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Plant Neighbour Identity Matters to Belowground Interactions under Controlled Conditions

AutorArmas, Cristina ; Pugnaire, Francisco I.
Fecha de publicación17-nov-2011
EditorPublic Library of Science
CitaciónPLoS ONE 6(11): e27791 (2011)
Resumen[Background] Root competition is an almost ubiquitous feature of plant communities with profound effects on their structure and composition. Far beyond the traditional view that plants interact mainly through resource depletion (exploitation competition), roots are known to be able to interact with their environment using a large variety of mechanisms that may inhibit or enhance access of other roots to the resource or affect plant growth (contest interactions). However, an extensive analysis on how these contest root interactions may affect species interaction abilities is almost lacking.
[Methodology/Principal Findings]In a common garden experiment with ten perennial plant species we forced pairs of plants of the same or different species to overlap their roots and analyzed how belowground contest interactions affected plant performance, biomass allocation patterns, and competitive abilities under abundant resource supply. Our results showed that net interaction outcome ranged from negative to positive, affecting total plant mass and allocation patterns. A species could be a strong competitor against one species, weaker against another one, and even facilitator to a third species. This leads to sets of species where competitive hierarchies may be clear but also to groups where such rankings are not, suggesting that intransitive root interactions may be crucial for species coexistence.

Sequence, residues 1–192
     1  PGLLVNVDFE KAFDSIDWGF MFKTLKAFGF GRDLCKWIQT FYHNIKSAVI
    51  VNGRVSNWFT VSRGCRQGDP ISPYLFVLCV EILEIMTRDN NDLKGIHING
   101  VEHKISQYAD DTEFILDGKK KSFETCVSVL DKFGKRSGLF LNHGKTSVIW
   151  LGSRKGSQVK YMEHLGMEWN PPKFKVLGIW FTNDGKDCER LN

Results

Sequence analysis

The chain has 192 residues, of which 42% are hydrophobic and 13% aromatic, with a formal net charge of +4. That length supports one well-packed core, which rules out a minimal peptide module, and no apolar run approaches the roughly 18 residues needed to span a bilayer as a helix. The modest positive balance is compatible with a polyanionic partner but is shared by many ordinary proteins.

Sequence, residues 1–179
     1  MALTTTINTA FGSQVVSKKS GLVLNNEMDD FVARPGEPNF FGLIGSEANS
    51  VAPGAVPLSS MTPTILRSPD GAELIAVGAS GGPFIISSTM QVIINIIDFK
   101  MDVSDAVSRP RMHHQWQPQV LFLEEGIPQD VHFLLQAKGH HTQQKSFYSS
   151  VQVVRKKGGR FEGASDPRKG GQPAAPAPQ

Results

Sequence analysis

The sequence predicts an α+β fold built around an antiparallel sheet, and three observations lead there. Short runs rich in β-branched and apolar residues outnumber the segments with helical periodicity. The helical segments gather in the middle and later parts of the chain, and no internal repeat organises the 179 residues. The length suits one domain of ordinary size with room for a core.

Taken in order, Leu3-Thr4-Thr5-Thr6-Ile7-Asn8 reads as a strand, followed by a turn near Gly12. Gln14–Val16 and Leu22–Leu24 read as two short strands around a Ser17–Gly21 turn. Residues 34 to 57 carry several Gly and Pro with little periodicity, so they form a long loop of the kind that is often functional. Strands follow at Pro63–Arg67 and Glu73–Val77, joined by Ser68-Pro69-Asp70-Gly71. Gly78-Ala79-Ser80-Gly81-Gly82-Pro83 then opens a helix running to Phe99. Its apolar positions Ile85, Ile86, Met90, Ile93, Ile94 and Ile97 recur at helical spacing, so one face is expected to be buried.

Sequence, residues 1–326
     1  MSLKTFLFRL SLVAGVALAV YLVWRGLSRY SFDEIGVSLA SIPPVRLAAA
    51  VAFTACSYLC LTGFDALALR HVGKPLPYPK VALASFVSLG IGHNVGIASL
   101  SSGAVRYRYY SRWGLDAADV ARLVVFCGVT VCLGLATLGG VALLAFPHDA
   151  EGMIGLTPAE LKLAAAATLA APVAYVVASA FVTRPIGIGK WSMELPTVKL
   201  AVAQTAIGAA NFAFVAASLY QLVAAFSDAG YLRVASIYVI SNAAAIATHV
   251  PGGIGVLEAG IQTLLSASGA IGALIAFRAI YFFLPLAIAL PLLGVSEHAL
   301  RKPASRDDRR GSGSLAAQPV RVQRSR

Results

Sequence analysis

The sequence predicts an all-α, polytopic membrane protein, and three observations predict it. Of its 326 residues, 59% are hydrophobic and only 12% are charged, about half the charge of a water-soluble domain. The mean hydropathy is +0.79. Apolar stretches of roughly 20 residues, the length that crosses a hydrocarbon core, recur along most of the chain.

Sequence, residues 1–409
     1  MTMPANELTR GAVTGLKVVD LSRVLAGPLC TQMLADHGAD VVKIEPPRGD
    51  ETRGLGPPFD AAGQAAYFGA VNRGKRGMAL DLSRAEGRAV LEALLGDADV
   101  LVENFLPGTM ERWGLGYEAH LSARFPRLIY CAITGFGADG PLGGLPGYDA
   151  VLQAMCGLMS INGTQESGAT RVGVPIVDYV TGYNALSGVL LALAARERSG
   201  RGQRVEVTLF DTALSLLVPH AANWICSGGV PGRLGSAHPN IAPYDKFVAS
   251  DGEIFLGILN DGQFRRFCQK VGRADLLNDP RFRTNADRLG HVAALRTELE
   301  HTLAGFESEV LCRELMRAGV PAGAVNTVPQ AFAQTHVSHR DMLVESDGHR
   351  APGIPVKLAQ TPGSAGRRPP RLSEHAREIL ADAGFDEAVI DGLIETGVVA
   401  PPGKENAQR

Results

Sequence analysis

[Conclusions/Significance]The outcome of belowground contest interactions is strongly dependent on neighbours' identity. In natural plant communities this conditional outcome may hypothetically help species to interact in non-hierarchical and intransitive networks, which in turn might promote coexistence.
Versión del editorhttp://dx.doi.org/10.1371/journal.pone.0027791
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